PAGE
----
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Hand Laid Tarmacadam vs. Machine Laid Tarmacadam
Methods of laying tarmacadam – Hand Laid, Machine Rolled Bitmac
The vast majority of small and domestic tarmacadam or bitmac surfaces will be hand laid and machine rolled, with the bitmac brought to site in an insulated truck or hot-box to keep it workable. It is generally dropped onto the relevant area, raked level and rolled by a double drum Bomag™ type, ride-on roller / compactor.
In awkward and tight areas inaccessible to a ride-on roller / compactor it is acceptable to use a smaller vibrating plate compactor, though this should not be used for the full driveway as the finished surface may inevitably have unattractive lines in it. Neither will the surface have been compacted and compressed as well as it could have been with a heavy roller. A skilled operative working a ride-on roller / compactor will normally make five or six passes over the final surface or wearing layer to create a flat surface without any lines in the surface.
Methods of laying tarmacadam – Machine Laid Bitmac and Stone Mastic Asphalt
Larger areas and particularly commercial projects such as car parks, roads and sometimes very large domestic driveways should have the various layers of tarmacadam machine laid. Laying bitmac is a specialised job requiring a high level of skill but laying it with a tarmacadam laying machine takes this to another level. A tarmacadam paving machine will be used to lay both the base, or binder course and the surface course of bitmac. For areas of heavy use such as roads, stone mastic asphalt will be used as the final surface course, rather than bitmac.
Tarmacadam is delivered to site in an insulated truck to keep it hot and is emptied into the paving machine which then heats it up again, before spreading and screeding or levelling it. Once each course is laid and levelled, the surface is rolled and compressed by very heavy rollers. The rolling has to be carried out whilst the tarmacadam is still warm in order to compress it properly and quite a lot of water is applied to prevent it from sticking to the rollers – hence the steam which appears from the surface of the bitmac whilst it is being compacted and compressed.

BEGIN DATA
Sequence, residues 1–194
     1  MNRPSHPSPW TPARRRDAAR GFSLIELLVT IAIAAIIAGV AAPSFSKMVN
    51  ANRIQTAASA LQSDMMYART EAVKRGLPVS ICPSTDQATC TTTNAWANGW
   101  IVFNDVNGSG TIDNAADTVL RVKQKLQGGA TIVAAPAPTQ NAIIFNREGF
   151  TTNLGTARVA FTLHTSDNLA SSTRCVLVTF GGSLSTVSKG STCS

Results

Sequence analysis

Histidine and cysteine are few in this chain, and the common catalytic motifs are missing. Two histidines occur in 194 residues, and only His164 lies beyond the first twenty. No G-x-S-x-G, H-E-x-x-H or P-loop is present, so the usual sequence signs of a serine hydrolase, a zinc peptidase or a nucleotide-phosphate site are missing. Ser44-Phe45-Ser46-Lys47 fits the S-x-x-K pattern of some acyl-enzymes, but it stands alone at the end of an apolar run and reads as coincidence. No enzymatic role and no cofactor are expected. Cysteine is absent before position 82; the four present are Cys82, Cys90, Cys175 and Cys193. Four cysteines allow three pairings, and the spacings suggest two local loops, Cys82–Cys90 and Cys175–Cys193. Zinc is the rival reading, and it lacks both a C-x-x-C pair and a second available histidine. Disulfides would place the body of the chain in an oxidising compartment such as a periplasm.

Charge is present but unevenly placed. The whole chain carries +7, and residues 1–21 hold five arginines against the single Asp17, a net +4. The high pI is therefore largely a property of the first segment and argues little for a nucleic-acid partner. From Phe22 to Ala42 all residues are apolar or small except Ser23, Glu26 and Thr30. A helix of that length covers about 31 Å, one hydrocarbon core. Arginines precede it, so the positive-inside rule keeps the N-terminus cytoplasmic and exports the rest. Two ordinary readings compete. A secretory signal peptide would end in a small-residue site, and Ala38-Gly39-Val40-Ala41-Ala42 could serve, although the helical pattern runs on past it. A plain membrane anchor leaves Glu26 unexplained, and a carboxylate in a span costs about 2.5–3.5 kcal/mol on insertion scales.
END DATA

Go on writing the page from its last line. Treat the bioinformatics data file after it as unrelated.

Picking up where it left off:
Methods of laying tarmacadam – Specification to suit the job
For car parks and the like, laying and compacting the base course and the final course may be carried out over a period of days but for roads there could be an interval of up to a month between applying the two courses. Domestic driveways will normally have only two layers of bitmac (wearing course on a base course) whilst commercial areas and roads would have at least three (surface course, binder course and road base).
The traffic and intended use of the surface will determine the thicknesses of each layer and the size and type of aggregate contained within. And as with all tarmacadam, bitmac and stone mastic asphalt surfaces, greater care needs to be given to the final surface layer in order to ensure a smooth finish.
Only the very largest of tarmacadam contracting companies will have their own laying or paving machines and heavy rollers and it is quite normal and acceptable for the vast majority of capable contractors to hire a machine and driver / operator for the duration of the job – much as a farmer may hire a combine harvester for the few days or weeks of the year that it is required.